Amazon.com Widgets

Waking Vision: Into High Selva (2005)

By Published: | 7,007 views
Waking Vision: Into High Selva How we rate: our writers tend to review music they like within their preferred genres.

Waking Vision is about all that is natural—not in the crunchy-earthy world of the neo-hippie jam, but in the sense of emotional transparency and oneness in nature that aspires to a higher plane—one they're capable of reaching, transporting us with them, through their music.

In 2001, this trio of Pittsburgh's John Shannon on guitar, Long Island's Mitch Cohn on electric bass, and Slovakia's Martin Valihora on drums issued a fantastic debut release called The Ancient Bloom. This one radicalizes their concept, eliminating more conventional structures like heads, solos, bridges, and vamps. Emphasized here are flows—peaks and valleys—waves of sound forming and deconstructing. A world-class soloist on electric bass, Mitch Cohn has jettisoned that part of his persona for this chapter of the vision-quest. Shannon's playing has become more laser-like, eschewing extended single-note passages for floating over and connecting forms.

Finally, in a power trio, and that's assuredly what this is, many musical burdens fall to the drummer, and Martin Valihora, who swung like a butterfly on the group's debut, is here transformed into a crushing power-prog drummer. His talent-deserving-wider-recognition work with piano goddess Hiromi has hinted at this level of technical mastery, but he simply surpasses himself here. This one, coming at 29 years of age, marks his official ascension into the league of extraordinary gentlemen of the skins!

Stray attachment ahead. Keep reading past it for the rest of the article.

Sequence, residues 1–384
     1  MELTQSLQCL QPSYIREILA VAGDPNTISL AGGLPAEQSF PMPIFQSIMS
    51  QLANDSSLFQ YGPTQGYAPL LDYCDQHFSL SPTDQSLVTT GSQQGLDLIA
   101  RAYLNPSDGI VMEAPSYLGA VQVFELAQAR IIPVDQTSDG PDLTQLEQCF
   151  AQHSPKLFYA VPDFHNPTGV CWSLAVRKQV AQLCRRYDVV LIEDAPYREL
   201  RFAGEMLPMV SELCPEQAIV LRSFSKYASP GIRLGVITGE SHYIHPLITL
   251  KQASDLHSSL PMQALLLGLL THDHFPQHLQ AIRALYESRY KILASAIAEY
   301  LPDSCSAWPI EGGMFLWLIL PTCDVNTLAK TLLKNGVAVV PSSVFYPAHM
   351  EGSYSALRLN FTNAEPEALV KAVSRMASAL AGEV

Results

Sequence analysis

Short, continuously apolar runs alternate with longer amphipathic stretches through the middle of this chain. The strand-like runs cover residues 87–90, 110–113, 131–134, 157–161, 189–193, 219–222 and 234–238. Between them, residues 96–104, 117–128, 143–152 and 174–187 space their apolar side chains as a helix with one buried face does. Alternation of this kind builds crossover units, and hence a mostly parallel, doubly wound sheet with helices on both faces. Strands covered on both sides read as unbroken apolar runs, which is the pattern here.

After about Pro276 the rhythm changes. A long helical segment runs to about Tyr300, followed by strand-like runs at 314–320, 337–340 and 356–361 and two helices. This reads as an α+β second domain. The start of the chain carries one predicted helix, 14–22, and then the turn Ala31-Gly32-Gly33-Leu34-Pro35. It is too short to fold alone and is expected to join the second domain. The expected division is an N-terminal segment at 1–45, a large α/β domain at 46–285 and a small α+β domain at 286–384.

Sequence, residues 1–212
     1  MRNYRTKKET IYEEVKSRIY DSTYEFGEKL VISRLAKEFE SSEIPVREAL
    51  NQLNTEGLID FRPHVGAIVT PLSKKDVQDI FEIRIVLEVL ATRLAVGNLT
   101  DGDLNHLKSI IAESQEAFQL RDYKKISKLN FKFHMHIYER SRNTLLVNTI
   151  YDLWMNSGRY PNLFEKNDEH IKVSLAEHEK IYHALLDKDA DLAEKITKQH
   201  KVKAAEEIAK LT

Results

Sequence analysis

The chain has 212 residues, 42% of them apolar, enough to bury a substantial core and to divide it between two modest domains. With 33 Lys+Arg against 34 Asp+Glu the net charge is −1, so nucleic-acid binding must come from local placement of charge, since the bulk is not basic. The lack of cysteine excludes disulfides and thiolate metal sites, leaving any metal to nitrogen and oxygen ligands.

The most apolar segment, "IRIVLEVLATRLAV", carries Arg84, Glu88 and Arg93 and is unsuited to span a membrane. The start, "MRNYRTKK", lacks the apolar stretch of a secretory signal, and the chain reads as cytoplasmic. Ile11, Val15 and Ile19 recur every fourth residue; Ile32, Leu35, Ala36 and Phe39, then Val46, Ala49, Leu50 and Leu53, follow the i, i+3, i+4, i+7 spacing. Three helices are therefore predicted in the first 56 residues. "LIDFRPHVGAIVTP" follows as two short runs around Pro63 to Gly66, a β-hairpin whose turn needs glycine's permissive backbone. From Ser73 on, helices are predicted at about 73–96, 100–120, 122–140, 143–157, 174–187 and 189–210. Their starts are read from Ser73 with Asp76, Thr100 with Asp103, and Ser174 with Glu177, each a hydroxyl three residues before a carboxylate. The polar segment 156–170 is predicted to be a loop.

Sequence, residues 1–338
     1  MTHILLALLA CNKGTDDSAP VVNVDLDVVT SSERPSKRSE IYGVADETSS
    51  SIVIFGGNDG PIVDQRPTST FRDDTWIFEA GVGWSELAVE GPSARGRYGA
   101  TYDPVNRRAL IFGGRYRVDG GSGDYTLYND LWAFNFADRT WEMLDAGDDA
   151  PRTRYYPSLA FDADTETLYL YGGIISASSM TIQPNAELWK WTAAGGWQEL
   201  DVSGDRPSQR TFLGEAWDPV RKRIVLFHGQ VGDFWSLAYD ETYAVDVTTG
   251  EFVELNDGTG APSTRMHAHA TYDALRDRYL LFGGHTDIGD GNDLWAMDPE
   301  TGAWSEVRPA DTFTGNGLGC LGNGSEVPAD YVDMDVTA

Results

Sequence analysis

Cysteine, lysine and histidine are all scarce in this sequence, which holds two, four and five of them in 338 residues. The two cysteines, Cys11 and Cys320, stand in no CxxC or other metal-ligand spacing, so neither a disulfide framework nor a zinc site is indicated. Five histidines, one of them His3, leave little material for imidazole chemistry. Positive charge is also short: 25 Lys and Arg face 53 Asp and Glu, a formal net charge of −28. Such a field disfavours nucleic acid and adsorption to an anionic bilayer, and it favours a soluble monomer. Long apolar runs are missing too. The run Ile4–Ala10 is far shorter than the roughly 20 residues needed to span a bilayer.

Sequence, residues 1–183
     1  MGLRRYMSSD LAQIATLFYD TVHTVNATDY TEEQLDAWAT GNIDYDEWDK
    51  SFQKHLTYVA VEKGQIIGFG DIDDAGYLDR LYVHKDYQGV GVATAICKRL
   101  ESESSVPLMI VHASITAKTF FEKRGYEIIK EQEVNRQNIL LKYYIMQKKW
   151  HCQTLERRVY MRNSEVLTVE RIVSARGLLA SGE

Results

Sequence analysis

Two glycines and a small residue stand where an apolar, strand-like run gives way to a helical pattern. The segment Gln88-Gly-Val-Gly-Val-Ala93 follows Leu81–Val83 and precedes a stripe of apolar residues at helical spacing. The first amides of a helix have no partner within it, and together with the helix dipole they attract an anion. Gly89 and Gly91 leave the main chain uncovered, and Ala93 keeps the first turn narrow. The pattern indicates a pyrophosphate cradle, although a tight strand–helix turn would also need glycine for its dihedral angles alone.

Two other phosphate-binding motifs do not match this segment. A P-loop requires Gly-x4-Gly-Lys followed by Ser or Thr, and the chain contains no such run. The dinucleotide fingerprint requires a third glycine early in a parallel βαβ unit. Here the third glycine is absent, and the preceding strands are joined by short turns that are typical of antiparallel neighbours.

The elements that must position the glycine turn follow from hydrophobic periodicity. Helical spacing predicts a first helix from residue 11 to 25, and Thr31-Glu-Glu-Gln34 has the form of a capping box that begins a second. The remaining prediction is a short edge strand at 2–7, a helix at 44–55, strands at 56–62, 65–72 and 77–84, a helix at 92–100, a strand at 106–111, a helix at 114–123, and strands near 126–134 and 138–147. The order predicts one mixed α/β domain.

Proof comes at the four-minute mark of the blistering climax of "Through the Canyon, then three minutes later as he takes it down to a whisper for the leadoff's "natural conclusion. "Into High Selva sets up a hypnotic haze for slide guitar to slice through in clear ringing hues, succeeded by distorted fuzz tones. The nuances of Valihora's snare, ride, and hi-hat work speak of a wealth of experience belied by his years, pushing the song towards spiritual heights. As Shannon progresses into the next section, it emphasizes that his single-note lines are no longer solos in the sense that they join points in the harmony. Now, he's the surfer on Valihora's and Cohn's giant sets, gleefully keeping one hand behind him, slicing it through their ever-enveloping curl.

The plaintive guitar chords of "To the Northeast are more heartfelt rock ballad than jazz, reminiscent of Radiohead or the Smashing Pumpkins, with a gorgeously repeated modern rock drone that reappears throughout. After a moodswing, where Valihora uses his hands to make the kit a tabla and Shannon uses guitar as sitar, Shannon literally unplugs his reverb to end a sanctified take on this letter-perfect floating ballad.

For those who prefer tension and release to complex lines in composition, want their waves of sound to produce waves of emotion, and want organic song structures to recall nature, Waking Vision is good medicine. Good for them for sticking together and trying as many ways as possible to jump-start the creative process, changing their name, their business plan, and their arranging approach.

Visit Waking Vision on the web.

Track Listing: 1. Through the Canyon, 2. Into High Selva,3. To the Northeast,4. With the Spirits of the West,5. Full Moon Akasha

Personnel: John Shannon-guitar, Mitch Cohn - electric bass, Martin Valihora-drums

Record Label: WakingVision.com

Style: Fusion/Progressive Rock


comments powered by Disqus
Support All About Jazz Through Amazon

Weekly Giveaways

Carmen Lundy

Carmen Lundy

About | Enter

Wadada Leo Smith

Wadada Leo Smith

About | Enter

Mort Weiss

Mort Weiss

About | Enter

Rotem Sivan

Rotem Sivan

About | Enter

Sponsor: ECM Records | BUY NOW

Enter it twice.
To the weekly jazz events calendar

Enter the numbers in the graphic
Enter the code in this picture

Log in

One moment, you will be redirected shortly.